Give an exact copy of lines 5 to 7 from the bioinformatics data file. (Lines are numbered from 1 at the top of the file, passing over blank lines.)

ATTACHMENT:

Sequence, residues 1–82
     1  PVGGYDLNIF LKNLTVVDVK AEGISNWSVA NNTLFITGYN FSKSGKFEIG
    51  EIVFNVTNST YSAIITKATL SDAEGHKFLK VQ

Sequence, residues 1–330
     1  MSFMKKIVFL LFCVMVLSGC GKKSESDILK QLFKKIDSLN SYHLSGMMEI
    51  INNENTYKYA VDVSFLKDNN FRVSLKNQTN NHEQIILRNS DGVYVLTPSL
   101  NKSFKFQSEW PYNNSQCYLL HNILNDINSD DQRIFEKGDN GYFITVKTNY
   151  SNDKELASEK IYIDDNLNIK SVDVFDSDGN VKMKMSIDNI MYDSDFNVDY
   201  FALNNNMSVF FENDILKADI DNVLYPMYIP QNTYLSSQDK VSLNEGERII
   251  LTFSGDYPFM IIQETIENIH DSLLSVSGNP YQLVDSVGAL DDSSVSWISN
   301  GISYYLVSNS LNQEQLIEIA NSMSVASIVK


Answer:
     1  MSFMKKIVFL LFCVMVLSGC GKKSESDILK QLFKKIDSLN SYHLSGMMEI
    51  INNENTYKYA VDVSFLKDNN FRVSLKNQTN NHEQIILRNS DGVYVLTPSL
   101  NKSFKFQSEW PYNNSQCYLL HNILNDINSD DQRIFEKGDN GYFITVKTNY